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Regional astrocyte allocation regulates CNS synaptogenesis and repair.

Science (New York, N.Y.) | Jul 20, 2012

http://www.ncbi.nlm.nih.gov/pubmed/22745251

Astrocytes, the most abundant cell population in the central nervous system (CNS), are essential for normal neurological function. We show that astrocytes are allocated to spatial domains in mouse spinal cord and brain in accordance with their embryonic sites of origin in the ventricular zone. These domains remain stable throughout life without evidence of secondary tangential migration, even after acute CNS injury. Domain-specific depletion of astrocytes in ventral spinal cord resulted in abnormal motor neuron synaptogenesis, which was not rescued by immigration of astrocytes from adjoining regions. Our findings demonstrate that region-restricted astrocyte allocation is a general CNS phenomenon and reveal intrinsic limitations of the astroglial response to injury.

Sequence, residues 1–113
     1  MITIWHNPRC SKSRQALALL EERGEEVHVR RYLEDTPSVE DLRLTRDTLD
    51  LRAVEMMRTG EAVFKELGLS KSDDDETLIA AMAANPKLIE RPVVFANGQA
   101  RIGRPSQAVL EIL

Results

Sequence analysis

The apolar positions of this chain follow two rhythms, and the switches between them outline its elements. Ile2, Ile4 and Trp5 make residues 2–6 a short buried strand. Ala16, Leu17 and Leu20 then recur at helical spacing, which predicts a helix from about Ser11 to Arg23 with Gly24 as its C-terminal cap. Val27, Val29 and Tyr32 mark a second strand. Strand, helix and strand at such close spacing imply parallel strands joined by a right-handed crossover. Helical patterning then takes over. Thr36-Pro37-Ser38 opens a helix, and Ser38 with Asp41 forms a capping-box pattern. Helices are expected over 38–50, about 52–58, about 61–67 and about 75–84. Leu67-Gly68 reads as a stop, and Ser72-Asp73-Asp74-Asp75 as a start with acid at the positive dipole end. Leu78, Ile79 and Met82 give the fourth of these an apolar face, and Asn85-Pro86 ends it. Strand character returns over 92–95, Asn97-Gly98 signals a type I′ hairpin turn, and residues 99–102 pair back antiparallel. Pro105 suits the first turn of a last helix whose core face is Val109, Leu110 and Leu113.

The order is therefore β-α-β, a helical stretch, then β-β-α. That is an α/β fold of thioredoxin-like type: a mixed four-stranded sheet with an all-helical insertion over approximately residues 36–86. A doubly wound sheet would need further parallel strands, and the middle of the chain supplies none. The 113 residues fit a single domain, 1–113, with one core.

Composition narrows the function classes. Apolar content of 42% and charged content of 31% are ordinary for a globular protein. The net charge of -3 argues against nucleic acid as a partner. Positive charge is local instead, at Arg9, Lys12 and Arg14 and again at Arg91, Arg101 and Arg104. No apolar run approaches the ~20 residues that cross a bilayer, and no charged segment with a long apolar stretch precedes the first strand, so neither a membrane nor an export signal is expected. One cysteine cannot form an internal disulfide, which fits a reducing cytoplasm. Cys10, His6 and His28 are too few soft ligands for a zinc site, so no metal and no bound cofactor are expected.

Pubmed ID: 22745251 RIS Download

Mesh terms: Animals | Astrocytes | Bacterial Proteins | Basic Helix-Loop-Helix Transcription Factors | Brain | Brain Injuries | Cell Movement | Green Fluorescent Proteins | Homeodomain Proteins | Integrases | Luminescent Proteins | Mice | Mice, Transgenic | Motor Neurons | Nerve Tissue Proteins | Proteins | RNA, Untranslated | Spinal Cord | Spinal Cord Injuries | Synapses | Transcription Factors | Transcription, Genetic

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Associated grants

  • Agency: European Research Council, Id: 207807
  • Agency: Medical Research Council, Id: G0501173
  • Agency: Medical Research Council, Id: G0800575
  • Agency: NINDS NIH HHS, Id: R01 NS028478
  • Agency: NICHD NIH HHS, Id: R37 HD032116
  • Agency: Howard Hughes Medical Institute, Id:
  • Agency: Medical Research Council, Id:
  • Agency: Wellcome Trust, Id:

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